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I never wanted to be a mom. It wasn't something I ever thought would happen until I fell madly in love with my husband—who knew very well he wanted children. While he was a natural at entertaining our nephews or our friends' kids, I would awkwardly try to interact with them, not really knowing what to say or do.

Our first pregnancy was a surprise, a much-wanted one but also a unicorn, "first try" kind of pregnancy. As my belly grew bigger, so did my insecurities. How do you even mom when you never saw motherhood in your future? I focused all my uncertainties on coming up with a plan for the delivery of my baby—which proved to be a terrible idea when my dreamed-of unmedicated vaginal birth turned into an emergency C-section. I couldn't even start motherhood the way I wanted, I thought. And that feeling happened again when I couldn't breastfeed and instead had to pump and bottle-feed. And once more, when all the stress from things not going my way turned into debilitating postpartum anxiety that left me not really enjoying my brand new baby.

As my baby grew, slowly so did my confidence that I could do this. When he would tumble to the ground while learning how to walk and only my hugs could calm him, I felt invincible. But on the nights he wouldn't sleep—whether because he was going through a regression, a leap, a teeth eruption or just a full moon—I would break down in tears to my husband telling him that he was a better parent than me.

Then I found out I was pregnant again, and that this time it was twins. I panicked. I really cannot do two babies at the same time. I kept repeating that to myself (and to my poor husband) at every single appointment we had because I was just terrified. He, of course, thought I could absolutely do it, and he got me through a very hard pregnancy.

When the twins were born at full term and just as big as singleton babies, I still felt inadequate, despite the monumental effort I had made to grow these healthy babies and go through a repeat C-section to make sure they were both okay. I still felt my skin crawl when they cried and thought, What if I can't calm them down? I still turned to my husband for diaper changes because I wasn't a good enough mom for twins.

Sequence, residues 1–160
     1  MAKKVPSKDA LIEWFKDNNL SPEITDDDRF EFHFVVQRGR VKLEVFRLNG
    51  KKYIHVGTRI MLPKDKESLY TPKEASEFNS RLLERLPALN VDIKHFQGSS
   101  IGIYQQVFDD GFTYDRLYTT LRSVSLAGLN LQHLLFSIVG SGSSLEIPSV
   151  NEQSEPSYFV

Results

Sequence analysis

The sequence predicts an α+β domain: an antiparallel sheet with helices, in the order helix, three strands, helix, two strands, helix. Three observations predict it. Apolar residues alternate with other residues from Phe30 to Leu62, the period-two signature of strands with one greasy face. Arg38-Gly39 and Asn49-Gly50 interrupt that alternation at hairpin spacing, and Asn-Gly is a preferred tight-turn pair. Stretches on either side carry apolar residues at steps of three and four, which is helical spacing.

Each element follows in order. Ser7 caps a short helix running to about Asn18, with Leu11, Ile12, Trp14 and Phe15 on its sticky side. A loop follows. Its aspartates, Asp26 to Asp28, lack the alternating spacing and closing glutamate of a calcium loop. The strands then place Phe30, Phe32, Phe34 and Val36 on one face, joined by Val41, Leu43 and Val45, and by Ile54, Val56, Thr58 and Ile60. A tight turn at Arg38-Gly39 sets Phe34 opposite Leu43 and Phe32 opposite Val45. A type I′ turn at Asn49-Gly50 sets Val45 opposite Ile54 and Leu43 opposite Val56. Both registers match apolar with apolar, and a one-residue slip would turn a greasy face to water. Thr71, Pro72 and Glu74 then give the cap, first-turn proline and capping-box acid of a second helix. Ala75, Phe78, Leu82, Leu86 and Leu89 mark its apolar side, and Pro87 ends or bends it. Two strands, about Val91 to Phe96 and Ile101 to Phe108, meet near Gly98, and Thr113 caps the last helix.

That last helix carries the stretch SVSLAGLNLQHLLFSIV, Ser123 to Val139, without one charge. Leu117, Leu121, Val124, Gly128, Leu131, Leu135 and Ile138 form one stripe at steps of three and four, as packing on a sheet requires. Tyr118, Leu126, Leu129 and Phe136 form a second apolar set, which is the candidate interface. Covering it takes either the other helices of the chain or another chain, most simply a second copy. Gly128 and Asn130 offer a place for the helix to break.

My husband reminded me (and still does) that I am exactly what my babies need. That I am enough. A phrase that has now become my mantra, both in motherhood and beyond, because as my husband likes to say, I'm the queen of selling myself short on everything.

So when my babies start crying, I tell myself that I am enough to calm them down.

When my toddler has a tantrum, I remind myself that I am enough to get through to him.

When I go out with the three kids by myself and start sweating about everything that could go wrong (poop explosions times three), I remind myself that I am enough to handle it all, even with a little humor.


And then one day I found this bracelet. Initially, I thought how cheesy it'd be to wear a reminder like this on my wrist, but I bought it anyway because something about it was calling my name. I'm so glad I did because since day one I haven't stopped wearing it.

Every time I look down, there it is, shining back at me. I am enough.

I Am Enough bracelet 

SONTAKEY  I Am Enough Bracelet

May this Oath Bracelet be your reminder that you are perfect just the way you are. That you are enough for your children, you are enough for your friends & family, you are enough for everything that you do. You are enough, mama <3

$35

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The American Academy of Pediatrics says that newborns, especially, do not need a bath every day. While parents should make sure the diaper region of a baby is clean, until a baby learns how to crawl around and truly get messy, a daily bath is unnecessary.

So, why do we feel like kids should bathe every day?